Theologian Gary Anderson Elected to American Academy of Jewish Research

Author: Joanna Basile

Gary Anderson, Hesburgh Professor of Catholic Theology at the University of Notre Dame

Gary Anderson, Hesburgh Professor of Catholic Theology at the University of Notre Dame, has been named a fellow of the American Academy of Jewish Research (AAJR).

The AAJR is the oldest organization of Judaic scholars in North America, and fellows are nominated and elected by their peers. The group has approximately 100 members in the United States—and Anderson is one of a select few who are not Jewish.

“For me,” Anderson says, “to be treated in such a way by my Jewish colleagues while at a Catholic institution is the highest of honors given the importance I have placed on Jewish studies in my own life and career.”

A member of the faculty in the College of Arts and Letters’ Department of Theology, Anderson specializes in biblical studies, with a focus on the Old Testament and the history of its interpretation, particularly in early Judaism. His most recent books include Sin: A History and The Genesis of Perfection: Adam and Eve in Jewish and Christian Imagination.

“The Bible continues to shape and inform how Jews and Christians understand themselves in the modern world,” he says. “All my historical work is oriented toward that larger issue. I am never satisfied with the question ‘What did this text mean for its author?’ I also want to ask ‘Who are we in light of this text?’ By that, I mean, how does the Bible function for contemporary Jewish and Christian theology?”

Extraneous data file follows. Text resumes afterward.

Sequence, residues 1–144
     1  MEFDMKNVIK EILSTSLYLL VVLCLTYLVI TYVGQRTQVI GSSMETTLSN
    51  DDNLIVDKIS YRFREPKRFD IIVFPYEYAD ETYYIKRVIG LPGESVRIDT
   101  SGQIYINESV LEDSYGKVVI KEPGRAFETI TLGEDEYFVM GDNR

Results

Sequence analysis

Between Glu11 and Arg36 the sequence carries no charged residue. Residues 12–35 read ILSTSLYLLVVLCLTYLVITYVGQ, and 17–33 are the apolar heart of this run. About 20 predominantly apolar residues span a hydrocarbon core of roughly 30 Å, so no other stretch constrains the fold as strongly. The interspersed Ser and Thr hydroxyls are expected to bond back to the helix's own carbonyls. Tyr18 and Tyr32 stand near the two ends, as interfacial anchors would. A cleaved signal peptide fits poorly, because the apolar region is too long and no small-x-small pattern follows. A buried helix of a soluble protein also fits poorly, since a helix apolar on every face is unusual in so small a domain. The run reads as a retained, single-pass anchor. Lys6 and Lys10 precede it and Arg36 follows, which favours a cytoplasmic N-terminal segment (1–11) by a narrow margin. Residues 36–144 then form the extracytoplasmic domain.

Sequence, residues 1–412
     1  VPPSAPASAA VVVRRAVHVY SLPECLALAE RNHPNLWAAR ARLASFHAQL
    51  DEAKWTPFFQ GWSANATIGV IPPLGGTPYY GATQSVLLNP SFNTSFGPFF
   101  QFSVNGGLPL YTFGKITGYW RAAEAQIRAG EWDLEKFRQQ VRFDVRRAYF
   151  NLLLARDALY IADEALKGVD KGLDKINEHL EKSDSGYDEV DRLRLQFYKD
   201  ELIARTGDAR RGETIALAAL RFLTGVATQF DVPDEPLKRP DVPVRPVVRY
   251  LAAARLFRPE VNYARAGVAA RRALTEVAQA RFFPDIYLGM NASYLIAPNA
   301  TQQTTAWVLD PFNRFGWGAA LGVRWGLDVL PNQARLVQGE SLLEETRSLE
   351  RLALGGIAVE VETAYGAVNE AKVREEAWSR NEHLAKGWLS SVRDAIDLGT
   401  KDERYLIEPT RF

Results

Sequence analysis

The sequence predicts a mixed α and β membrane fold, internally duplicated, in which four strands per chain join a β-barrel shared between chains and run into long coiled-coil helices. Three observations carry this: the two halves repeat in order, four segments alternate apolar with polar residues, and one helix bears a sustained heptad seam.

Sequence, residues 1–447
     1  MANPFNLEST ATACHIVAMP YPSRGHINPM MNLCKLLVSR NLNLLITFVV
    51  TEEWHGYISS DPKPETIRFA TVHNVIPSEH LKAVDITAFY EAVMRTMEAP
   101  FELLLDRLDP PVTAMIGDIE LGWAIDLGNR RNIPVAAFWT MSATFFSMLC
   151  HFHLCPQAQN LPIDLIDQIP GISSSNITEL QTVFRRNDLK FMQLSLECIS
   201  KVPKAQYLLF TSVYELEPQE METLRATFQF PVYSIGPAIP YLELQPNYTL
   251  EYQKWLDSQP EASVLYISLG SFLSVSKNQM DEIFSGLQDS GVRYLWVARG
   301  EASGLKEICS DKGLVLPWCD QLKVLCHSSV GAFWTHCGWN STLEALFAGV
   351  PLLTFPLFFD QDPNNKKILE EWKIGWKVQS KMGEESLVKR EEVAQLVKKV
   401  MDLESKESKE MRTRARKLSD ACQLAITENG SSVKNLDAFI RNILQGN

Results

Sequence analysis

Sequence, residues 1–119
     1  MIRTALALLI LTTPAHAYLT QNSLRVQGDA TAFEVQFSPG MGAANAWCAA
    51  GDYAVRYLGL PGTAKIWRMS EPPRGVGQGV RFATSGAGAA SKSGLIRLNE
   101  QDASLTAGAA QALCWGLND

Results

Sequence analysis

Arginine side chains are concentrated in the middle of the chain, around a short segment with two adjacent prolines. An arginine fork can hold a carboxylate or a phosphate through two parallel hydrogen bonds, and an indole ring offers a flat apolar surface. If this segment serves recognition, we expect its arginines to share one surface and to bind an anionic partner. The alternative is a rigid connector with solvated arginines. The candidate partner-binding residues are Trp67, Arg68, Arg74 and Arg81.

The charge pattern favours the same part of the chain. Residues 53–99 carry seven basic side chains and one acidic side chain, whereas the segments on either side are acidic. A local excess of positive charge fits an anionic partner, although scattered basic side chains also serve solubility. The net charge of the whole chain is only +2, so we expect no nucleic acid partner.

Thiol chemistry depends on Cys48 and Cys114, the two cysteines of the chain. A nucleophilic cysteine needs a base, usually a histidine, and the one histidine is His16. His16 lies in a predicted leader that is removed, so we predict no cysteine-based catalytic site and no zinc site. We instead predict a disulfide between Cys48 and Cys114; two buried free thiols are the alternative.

Anderson says most of his academic career has involved close work with Jewish sources and Jewish scholars. “I believe that the theological task of interpreting the Bible cannot be done well without a deep and abiding conversation with our Jewish peers.”

Formerly a professor at Harvard University, Anderson says he was initially concerned about how his scholarly focus on Judaism once he had moved to a Catholic university.

“I worried whether my own work in Jewish studies would be taken less seriously,” Anderson says. “I have found that this has not been the case at all. Last year, I was awarded a prestigious Straus-Tikvah Fellowship in Jewish studies at New York University, and the reception of this award is more confirmation that my standing among my Jewish colleagues has, if anything, advanced since coming to this University.

“Jewish scholars in both the United States and in Israel tell me all the time of their high estimation of the Department of Theology at Notre Dame. Many think it is the best place to study Second Temple Judaism outside of Israel. Needles to say, such words of praise for what we are doing here are very gratifying.”

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